Why should municipalities look at similar projects in the past to ensure more just participation in the future?
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'''Why should municipalities look at similar projects in the past to ensure more just participation in the future?'''
  
Looking at learning outcomes from past projects in your own city can further help the process in overcoming obstacles. This might mean that experiences from past policies in similar sectors, for example making streets more pedestrian-friendly can prove vital here (Q27). It might even be the case that resistance in the past against other municipality-led projects have voiced the same concerns. This might help in finding solutions for overcoming those obstacles as well as encouraging project proponents to not give up if things do not go as originally planned (Q27). In the end, this general flexibility in how the project has to develop could lead to improved methods of communication and participation in the future (Q28).
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Looking at learning outcomes from past projects in your own city can further help the process in overcoming obstacles. This might mean that experiences from past policies in similar sectors, for example making streets more pedestrian-friendly, can prove vital here [[Dealing flexibly with and learning from resistance in Barcelona#27. Has any acquired knowledge (e.g. technical knowledge, awareness of local political procedures etc.) been reported as particularly helpful to this intervention?|(Q27)]]. It might even be the case that resistance in the past against other municipality-led projects have voiced the same concerns. This might help in finding solutions for overcoming those obstacles as well as encouraging project proponents to not give up if things do not go as originally planned [[Dealing flexibly with and learning from resistance in Barcelona#27. Has any acquired knowledge (e.g. technical knowledge, awareness of local political procedures etc.) been reported as particularly helpful to this intervention?|(Q27)]]. In the end, more general flexibility in how the project develops could lead to improved methods of communication and participation in the future [[Dealing flexibly with and learning from resistance in Barcelona#28. In what ways has the intervention been adapted to specific circumstances of the targeted urban context based on the learned content reported in question 27?|(Q28)]].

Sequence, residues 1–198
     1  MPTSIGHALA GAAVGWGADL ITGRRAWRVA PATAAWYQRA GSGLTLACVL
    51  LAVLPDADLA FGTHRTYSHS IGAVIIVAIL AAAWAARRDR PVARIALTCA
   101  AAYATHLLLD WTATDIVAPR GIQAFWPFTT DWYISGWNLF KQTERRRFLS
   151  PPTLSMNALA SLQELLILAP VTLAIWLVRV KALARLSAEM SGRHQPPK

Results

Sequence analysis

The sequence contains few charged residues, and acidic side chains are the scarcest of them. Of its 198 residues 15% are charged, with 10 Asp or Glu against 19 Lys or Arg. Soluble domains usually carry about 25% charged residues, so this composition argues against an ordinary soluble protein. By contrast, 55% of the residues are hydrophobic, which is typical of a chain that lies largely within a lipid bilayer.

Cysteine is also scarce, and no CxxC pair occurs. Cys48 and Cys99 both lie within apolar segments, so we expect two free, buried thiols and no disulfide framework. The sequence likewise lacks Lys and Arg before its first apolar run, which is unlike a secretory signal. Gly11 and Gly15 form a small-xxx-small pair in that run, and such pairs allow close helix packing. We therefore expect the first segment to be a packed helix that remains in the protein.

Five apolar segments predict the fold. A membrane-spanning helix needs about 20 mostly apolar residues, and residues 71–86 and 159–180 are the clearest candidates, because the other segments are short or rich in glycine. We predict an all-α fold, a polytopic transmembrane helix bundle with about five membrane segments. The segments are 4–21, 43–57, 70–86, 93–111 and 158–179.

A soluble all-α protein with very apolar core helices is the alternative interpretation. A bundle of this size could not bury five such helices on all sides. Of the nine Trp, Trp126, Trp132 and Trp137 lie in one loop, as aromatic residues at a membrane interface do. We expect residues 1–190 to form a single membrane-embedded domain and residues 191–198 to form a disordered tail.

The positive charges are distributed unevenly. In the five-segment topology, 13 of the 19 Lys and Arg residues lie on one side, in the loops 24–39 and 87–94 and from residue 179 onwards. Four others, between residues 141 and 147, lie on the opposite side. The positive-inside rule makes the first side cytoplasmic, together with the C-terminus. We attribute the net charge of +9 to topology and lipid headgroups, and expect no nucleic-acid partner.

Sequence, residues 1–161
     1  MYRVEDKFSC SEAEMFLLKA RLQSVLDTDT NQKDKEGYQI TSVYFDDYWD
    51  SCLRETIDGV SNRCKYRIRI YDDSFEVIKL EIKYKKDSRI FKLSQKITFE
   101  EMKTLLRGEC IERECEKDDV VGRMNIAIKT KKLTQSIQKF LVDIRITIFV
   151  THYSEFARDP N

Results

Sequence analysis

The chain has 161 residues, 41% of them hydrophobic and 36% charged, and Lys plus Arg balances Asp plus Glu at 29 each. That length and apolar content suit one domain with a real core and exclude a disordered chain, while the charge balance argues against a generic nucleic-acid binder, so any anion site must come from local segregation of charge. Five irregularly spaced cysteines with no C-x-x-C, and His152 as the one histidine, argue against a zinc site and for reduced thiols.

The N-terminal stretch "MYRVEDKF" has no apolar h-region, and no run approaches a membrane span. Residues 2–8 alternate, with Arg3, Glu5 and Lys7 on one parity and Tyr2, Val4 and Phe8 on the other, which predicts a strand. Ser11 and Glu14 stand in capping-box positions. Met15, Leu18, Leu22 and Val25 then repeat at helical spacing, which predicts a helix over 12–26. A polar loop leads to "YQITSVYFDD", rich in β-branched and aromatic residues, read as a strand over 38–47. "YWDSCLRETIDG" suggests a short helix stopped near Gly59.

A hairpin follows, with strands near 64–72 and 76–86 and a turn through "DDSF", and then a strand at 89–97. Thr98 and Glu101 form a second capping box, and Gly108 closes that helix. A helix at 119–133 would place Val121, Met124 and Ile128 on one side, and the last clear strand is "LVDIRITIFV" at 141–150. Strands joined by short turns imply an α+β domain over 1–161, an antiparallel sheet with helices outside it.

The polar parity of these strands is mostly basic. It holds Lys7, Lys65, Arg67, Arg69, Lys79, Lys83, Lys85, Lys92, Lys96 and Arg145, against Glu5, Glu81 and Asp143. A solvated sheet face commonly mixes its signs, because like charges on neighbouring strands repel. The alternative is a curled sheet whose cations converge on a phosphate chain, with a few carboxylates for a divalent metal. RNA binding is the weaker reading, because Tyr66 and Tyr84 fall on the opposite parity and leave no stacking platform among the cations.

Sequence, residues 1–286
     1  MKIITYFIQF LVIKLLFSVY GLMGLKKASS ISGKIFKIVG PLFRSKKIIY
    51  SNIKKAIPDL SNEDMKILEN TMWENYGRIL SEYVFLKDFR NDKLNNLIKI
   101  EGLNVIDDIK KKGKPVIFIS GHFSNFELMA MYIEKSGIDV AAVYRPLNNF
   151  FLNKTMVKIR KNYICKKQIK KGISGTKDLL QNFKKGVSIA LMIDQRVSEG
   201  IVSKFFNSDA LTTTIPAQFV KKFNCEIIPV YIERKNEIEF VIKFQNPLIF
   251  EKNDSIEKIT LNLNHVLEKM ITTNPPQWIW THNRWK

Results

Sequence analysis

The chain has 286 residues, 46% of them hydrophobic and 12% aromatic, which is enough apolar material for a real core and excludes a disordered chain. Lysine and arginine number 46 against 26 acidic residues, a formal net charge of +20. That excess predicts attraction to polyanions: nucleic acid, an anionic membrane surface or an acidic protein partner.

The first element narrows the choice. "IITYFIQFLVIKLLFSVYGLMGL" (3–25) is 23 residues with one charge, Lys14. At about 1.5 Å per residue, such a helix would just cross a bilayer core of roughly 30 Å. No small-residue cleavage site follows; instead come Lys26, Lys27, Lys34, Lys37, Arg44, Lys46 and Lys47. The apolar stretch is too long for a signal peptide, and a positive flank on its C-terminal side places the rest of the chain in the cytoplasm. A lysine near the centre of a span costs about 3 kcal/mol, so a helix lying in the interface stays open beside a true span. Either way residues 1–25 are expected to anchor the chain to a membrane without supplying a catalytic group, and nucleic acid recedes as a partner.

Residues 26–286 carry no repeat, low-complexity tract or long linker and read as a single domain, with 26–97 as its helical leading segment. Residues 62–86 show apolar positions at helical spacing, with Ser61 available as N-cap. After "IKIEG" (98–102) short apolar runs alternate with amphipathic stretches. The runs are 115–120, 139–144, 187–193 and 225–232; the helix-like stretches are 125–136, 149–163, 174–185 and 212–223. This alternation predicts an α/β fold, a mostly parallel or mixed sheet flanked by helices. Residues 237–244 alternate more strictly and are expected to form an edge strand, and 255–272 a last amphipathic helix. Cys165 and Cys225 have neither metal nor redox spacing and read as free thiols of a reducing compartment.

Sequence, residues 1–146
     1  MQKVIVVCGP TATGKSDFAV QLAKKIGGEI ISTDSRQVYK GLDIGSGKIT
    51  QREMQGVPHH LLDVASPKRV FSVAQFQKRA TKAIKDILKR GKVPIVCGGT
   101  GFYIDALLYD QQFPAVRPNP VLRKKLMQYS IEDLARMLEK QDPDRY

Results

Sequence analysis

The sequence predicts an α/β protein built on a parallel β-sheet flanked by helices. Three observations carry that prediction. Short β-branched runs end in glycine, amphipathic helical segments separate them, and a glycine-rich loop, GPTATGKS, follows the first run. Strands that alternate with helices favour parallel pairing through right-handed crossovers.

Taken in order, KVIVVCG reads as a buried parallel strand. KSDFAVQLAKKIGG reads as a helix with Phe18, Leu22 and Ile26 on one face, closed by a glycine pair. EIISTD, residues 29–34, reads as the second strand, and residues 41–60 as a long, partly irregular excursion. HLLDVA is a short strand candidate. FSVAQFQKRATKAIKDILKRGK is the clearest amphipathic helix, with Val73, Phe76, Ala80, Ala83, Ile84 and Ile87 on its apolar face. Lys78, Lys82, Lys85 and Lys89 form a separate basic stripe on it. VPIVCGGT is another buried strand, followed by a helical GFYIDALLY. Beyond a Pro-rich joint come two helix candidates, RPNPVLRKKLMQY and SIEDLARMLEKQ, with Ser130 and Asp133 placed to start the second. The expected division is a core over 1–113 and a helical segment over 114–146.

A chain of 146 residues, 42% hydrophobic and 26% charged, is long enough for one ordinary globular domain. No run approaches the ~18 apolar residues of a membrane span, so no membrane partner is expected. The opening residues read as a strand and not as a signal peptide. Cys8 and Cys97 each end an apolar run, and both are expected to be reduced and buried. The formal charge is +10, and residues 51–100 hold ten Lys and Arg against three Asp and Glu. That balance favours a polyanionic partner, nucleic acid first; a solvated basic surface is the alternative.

Finally, communicating with media about ideas within the project can help pique the interest of other cities and spread knowledge to other urban areas (Q33).
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Finally, communicating with media about ideas within the project can help pique the interest of other cities and spread knowledge to other urban areas [[Dealing flexibly with and learning from resistance in Barcelona#33. Have any signs of collaboration, support, or inspiration already been reported between actors involved in this intervention and others that follow its example? (e.g. in “follower cities”?)|(Q33)]].
  
 
'''How could this reality be created in your city? What obstacles would have to be overcome?'''
 
'''How could this reality be created in your city? What obstacles would have to be overcome?'''
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==Do you want to learn more about this scenario?==
 
==Do you want to learn more about this scenario?==
  
Take a look at the detailed description of [[Dealing flexibly with and learning from resistance in Barcelona]] that has inspired this scenario.
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Take a look at the detailed description of [[Dealing flexibly with and learning from resistance in Barcelona]] that has inspired this scenario.  
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The Superblocks Programme in Barcelona is a mobility concept that tries to restructure the city in 503 so-called Superblocks, lowering the amount of cars and returning public functions such as leisure and neighborhood activities to city streets.
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This scenario relates to some '''enabling governance arrangements''':
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*[[1) Create a comprehensive vision of change|Create a comprehensive vision of change]]: When creating and implementing so-called “Superblocks” in the city, Barcelona embedded them in multiple city-level policies creating synergies and giving the city a vision for comprehensive change, whereas Superblocks are one of the many means of reaching that change.
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*[[4) Commit to a meaningful participation process|Commit to a meaningful participation process]]: While establishing "Superblocks", the municipality of Barcelona developed a standard procedure for participation in each block. While the original participation process overlooked realities of citizens, over the course of the project, this procedure became increasingly open, putting responsibilities and decisions into the hand of formalised local working groups consisting of diverse local stakeholders.
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This scenario fits under the '''approaches''':
 
This scenario fits under the '''approaches''':
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*[[Uneven environmental health and pollution patterns]]  
 
*[[Uneven environmental health and pollution patterns]]